Leadership Is Taken, Not Given – Part 3: Execution and Closeout
In our last post, we introduced the concept of Defining Moments for projects and their leaders. Unlike in life, they are predictable–they arise at certain points, or “hotspots,” of projects.
We’ve already covered the hotspots pertaining to planning, but as the ancient saying goes, “A mediocre strategy well executed is better than a great strategy poorly executed.” As such, this post will demonstrate effective leadership during the Execution and Closeout phases of a project.
Defining Moment #3: Execution
In Part 1 of the series, we discussed the project manager’s paradox: the responsibility to control projects without tangible authority in the organization. This paradox is why the axiom, “Leadership is taken, not given” isn’t just a cliche for project managers.
An effective way to take control during execution with minimal confrontation is to keep projects in a natural cadence. The key is to always keep the balls off your side of the net. Worry about your own responsibilities and leave the aspects of the project you can’t control to those responsible. When you take care of the Next Steps incumbent on you, the “balls” tend to come back in a regular rhythm.
The reason it works is because it leaves no room for the blame game. When everyone’s done 75% of their tasks, then both sides will blame the other side for the 25% they didn’t do. But when you go into meetings with all your boxes ticked, the other members of the project know that anything that goes wrong is on them. Then, it’s not long before they all get in line.
This is the fundamental criteria for controlling a project. Notice how objective control is in this context. When you ask project managers if they’re in control of a project, they often give an answer along the lines of “I feel like it’s going well.” But control is not a matter of opinion: you either are or you are not keeping execution processes on a regular, cyclical basis; collecting actuals for cost, labor, and schedule on a weekly (or monthly) cycle; and analyzing variances to the baseline.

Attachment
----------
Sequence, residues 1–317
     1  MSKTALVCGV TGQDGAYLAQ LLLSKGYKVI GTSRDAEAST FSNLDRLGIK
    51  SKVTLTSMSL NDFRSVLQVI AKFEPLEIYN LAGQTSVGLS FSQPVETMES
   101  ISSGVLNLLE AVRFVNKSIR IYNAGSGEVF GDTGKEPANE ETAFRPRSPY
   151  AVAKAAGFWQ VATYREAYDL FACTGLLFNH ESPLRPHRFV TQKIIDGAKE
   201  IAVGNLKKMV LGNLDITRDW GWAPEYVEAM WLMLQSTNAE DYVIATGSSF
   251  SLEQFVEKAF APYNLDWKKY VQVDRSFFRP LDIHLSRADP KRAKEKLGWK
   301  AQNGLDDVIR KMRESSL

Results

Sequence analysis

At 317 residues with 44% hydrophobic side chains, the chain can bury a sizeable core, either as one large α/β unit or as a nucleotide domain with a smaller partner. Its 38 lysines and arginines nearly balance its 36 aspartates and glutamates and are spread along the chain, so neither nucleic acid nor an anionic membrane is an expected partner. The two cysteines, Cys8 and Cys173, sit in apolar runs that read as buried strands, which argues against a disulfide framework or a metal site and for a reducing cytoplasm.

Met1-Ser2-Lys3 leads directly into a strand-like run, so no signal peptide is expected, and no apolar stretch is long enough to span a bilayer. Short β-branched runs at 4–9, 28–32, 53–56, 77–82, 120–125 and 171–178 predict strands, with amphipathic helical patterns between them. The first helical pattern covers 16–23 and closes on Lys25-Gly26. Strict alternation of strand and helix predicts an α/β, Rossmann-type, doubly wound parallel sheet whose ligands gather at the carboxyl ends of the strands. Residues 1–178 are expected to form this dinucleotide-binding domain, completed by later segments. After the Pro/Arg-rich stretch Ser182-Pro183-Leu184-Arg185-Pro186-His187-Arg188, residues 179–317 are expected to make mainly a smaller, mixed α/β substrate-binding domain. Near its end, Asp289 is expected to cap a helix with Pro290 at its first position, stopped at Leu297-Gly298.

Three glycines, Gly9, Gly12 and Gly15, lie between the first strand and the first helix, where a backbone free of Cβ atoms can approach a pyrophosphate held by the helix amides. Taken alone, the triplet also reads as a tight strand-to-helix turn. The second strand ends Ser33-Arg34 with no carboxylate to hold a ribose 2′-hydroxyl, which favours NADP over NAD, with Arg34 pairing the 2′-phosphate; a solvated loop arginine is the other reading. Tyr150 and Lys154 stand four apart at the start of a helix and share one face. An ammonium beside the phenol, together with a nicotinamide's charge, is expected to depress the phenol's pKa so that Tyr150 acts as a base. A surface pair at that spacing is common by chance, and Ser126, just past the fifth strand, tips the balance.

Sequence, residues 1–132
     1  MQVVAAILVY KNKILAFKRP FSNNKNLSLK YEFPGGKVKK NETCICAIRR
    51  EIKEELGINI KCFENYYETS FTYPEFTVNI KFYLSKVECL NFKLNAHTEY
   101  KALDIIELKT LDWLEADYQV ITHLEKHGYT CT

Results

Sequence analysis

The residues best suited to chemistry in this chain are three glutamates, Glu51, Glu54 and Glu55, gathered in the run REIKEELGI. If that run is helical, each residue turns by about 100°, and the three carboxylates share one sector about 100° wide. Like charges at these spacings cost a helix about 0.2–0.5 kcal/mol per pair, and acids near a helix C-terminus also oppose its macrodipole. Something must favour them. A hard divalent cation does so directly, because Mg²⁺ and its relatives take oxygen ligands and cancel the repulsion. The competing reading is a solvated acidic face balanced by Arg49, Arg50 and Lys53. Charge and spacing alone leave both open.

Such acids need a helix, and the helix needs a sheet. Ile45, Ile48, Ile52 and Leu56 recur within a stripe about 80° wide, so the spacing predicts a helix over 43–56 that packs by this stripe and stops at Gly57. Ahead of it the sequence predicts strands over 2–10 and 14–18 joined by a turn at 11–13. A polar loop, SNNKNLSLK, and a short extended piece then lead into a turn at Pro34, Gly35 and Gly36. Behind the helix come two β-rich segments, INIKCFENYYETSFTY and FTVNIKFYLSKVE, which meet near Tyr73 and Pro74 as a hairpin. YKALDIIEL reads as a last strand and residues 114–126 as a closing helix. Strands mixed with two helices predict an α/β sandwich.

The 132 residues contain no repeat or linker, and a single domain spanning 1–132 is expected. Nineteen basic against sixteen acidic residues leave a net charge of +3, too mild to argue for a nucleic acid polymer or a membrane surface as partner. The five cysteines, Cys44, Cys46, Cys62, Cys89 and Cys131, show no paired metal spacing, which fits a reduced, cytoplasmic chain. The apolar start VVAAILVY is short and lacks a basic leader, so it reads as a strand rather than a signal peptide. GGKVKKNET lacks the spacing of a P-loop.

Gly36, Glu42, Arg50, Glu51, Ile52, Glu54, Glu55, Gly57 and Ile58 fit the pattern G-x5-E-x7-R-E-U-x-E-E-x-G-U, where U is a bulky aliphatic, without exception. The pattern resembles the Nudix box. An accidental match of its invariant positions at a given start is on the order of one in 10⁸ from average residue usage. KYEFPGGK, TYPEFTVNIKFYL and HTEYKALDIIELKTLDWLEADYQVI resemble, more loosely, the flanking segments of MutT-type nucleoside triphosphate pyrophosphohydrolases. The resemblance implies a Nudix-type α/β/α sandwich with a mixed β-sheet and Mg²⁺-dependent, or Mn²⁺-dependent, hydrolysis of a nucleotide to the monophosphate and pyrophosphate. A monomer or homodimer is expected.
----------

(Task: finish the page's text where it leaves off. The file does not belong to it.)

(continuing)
This isn’t to say that there aren’t other factors in project success. Some projects that are within control fail, just as some projects that are out of control flail their way to success. The idea is to maximize your success rate, and you do that by satisfying the objective criteria for project control.
But we operate in the real world, so we don’t want to give the impression that projects will be completely free of conflict. Even when everyone does what they should, things will go wrong and adjustments will be necessary.
These adjustments are pivotal. If companies did a postmortem on all of their failed projects, the most common cause of project failure would be scope creep. As the saying goes large projects fall a year behind one day at a time. Massive project reconfigurations are generally the result of a mixture of denial and negligence on the project manager’s end. Project managers whose fingers are always on the vital signs of the project are able to accommodate for the unforeseen. They can revise the plan, re-baseline, plan contingencies, etc. But hope is not a strategy. When the scope creeps up and the project manager goes in denial, problems materialize. These problems will mean budgets are exceeded, deadlines are missed, and specs aren’t met.